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All posts for the day November 20th, 2015

It was a big deal the first time I ever used our family camera.  Our Swinger had cost my folks around $20 in 1965.  Adjusted for inflation, that’s about $150, so I really don’t blame them for waiting until I was seven, even if it was frustrating to see things that I wanted to photograph and not to be allowed to.

Twenty-nine years later, we put a camera into Alex’s hands for the first time.  He was three. We were at EPCOT and Alex was really fussy. Alex was normally a very easy-going kid, so was unusual.  We asked him what was up and he indicated that he wanted a camera.  He had grown up seeing us taking pictures, so he certainly knew what a camera did by then.

We had one of those disposable cameras on us, so we handed it to him. We figured that he might be able to work out how to work the shutter button and we’d have one picture taken by him as a souvenir.  Alex lifted that camera to his eye and pushed the shutter button.  And then he advanced the film and took another picture.  You could have knocked us over with a feather.

So we bought another disposable camera for me to use (my ex had the digital camera) and continued our day. By the end of the day, we had bought him another camera, and when we went to my folks’ house the next, day, he went through a few more cameras.  And he went through a few more during our side trip to Key West that week.

And even from the very first, he had a pretty good eye.  My mom told him that she wanted him to take some pictures of people (my mom seemed to think that the purpose of a camera was to take pictures of people and absolutely nothing else).  And it seems to me that a few pictures of family members once in a while is fine, but I’ve never been that big on taking pictures of (family member) in (location) and then (other family member) in (same location) and whatever.  So Alex took a picture of my dad (whom he adores) and then my mom suggested he take a picture of his dad and me.  So his dad and I posed and Alex looked into the viewfinder and then took a step back.  He looked in the viewfinder again and took another step back.  He did this another couple of times and then finally took the picture.  When the picture came out, there were his dad and me smack in the center of the picture.  And way, off to the viewer’s right was my dad.  That kid, at the age of three, knew how to get the shot he wanted, and he wanted my dad in that photo.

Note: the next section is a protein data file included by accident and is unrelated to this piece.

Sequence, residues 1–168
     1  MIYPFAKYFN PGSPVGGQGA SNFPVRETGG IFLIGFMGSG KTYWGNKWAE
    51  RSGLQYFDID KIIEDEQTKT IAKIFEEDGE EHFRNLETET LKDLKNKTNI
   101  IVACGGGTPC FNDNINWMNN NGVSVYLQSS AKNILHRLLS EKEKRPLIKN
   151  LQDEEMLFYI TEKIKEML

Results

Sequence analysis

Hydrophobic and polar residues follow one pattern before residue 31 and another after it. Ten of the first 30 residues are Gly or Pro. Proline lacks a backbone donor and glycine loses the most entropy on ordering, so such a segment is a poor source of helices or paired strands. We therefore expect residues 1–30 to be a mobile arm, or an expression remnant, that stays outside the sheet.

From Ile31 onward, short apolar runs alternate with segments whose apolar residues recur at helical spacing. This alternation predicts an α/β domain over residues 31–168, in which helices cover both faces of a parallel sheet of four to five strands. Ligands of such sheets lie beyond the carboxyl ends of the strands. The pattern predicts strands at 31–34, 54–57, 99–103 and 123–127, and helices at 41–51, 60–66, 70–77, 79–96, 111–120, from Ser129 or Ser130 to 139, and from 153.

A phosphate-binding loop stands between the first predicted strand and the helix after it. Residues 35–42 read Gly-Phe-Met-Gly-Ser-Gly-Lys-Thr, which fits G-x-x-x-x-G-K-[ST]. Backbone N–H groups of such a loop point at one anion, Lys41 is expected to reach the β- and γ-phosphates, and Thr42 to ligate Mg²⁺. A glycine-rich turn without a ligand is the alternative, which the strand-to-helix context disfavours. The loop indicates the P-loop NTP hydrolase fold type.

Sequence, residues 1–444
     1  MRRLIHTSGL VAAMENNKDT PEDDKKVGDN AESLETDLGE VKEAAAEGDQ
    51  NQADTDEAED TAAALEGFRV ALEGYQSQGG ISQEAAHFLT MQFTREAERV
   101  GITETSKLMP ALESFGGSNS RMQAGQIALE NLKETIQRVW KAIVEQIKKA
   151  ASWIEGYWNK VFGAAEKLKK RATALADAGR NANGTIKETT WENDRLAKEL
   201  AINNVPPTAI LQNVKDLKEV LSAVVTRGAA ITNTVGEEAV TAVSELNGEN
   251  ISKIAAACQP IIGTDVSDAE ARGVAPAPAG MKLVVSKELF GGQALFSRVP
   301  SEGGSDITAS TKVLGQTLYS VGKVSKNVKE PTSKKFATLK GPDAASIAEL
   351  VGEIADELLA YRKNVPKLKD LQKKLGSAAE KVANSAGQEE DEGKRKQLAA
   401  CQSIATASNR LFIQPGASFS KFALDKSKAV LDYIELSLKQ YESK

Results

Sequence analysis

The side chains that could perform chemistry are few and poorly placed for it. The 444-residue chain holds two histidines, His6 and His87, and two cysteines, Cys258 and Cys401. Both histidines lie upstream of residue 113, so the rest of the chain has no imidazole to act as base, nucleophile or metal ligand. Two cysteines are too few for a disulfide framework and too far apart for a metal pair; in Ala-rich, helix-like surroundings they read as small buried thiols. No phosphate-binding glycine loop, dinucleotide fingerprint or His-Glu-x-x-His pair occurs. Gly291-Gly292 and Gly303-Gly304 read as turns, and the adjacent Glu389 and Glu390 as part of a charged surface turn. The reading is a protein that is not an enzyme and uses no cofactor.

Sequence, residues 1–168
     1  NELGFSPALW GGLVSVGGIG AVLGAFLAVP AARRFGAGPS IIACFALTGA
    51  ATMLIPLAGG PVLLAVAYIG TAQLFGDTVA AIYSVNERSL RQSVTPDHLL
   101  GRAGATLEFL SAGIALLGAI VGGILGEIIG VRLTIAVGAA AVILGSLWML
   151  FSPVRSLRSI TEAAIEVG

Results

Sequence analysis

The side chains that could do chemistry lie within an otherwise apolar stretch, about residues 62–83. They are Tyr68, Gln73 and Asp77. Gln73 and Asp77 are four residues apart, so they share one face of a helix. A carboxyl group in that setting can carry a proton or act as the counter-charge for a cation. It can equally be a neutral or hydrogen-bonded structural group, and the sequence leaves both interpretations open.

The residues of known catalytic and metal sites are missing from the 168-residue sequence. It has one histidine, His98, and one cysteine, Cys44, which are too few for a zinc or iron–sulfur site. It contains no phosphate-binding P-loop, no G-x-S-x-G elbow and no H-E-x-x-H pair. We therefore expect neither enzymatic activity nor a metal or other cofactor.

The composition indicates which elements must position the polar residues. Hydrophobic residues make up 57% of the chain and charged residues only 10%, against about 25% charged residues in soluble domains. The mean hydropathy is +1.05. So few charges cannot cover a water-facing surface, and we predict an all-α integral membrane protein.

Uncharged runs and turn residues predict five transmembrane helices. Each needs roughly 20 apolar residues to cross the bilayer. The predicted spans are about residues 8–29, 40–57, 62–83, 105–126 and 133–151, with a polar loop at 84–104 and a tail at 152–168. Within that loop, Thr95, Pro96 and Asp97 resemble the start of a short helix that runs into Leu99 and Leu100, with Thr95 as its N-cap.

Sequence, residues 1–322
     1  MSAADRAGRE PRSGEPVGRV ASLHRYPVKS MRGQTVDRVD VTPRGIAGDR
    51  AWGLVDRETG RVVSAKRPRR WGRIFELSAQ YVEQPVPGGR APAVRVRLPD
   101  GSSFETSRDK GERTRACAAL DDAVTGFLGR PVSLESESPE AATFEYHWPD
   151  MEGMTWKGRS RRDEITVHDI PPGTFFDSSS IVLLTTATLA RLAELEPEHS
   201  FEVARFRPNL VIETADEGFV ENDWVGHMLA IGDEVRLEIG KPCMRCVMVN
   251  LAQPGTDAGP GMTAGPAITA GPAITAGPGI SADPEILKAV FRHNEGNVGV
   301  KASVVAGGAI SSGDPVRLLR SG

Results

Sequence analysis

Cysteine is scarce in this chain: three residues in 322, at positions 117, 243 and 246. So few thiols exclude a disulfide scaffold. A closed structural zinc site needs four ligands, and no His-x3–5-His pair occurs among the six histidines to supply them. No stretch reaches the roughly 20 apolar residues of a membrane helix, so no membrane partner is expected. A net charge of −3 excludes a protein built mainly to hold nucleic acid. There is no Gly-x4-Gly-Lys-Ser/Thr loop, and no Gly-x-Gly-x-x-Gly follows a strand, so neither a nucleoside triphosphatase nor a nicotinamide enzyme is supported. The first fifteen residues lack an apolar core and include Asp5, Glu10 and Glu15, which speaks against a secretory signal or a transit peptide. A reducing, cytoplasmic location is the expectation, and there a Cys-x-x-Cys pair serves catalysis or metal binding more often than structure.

Eventually, of course, we bought him his own camera, an inexpensive digital camera. He took pictures for another couple of years and then when he was in kindergarten or thereabouts, he stopped.  When he was twelve, I think, I bought him a Black Friday special camera and then another year or so later, he got the picture-taking bug again.  He has been taking pictures pretty steadily since then and has filled up, I think it’s two SD cards with pictures in that time.